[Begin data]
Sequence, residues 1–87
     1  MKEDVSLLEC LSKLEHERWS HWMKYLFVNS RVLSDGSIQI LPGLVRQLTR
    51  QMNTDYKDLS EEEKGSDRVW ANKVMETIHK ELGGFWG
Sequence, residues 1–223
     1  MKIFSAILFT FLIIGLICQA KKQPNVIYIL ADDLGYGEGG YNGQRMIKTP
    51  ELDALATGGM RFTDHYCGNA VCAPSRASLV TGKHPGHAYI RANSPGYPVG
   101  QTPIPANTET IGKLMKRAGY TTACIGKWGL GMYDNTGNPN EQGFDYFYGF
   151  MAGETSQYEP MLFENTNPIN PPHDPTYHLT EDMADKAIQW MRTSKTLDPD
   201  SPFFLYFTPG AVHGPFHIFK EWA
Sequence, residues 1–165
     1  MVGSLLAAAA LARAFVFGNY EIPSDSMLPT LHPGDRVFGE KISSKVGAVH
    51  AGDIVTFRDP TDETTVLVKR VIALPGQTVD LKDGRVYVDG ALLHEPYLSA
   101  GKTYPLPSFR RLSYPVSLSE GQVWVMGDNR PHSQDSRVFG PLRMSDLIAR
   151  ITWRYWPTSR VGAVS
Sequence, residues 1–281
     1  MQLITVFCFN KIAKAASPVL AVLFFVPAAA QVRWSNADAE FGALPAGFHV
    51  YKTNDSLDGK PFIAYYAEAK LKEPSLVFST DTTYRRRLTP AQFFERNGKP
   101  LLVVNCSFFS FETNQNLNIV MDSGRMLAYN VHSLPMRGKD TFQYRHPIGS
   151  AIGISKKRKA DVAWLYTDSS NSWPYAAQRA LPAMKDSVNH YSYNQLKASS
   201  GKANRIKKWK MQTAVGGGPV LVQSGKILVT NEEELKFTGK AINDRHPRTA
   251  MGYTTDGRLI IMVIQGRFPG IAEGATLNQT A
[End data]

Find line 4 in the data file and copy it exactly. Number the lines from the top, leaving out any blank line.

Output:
Sequence, residues 1–223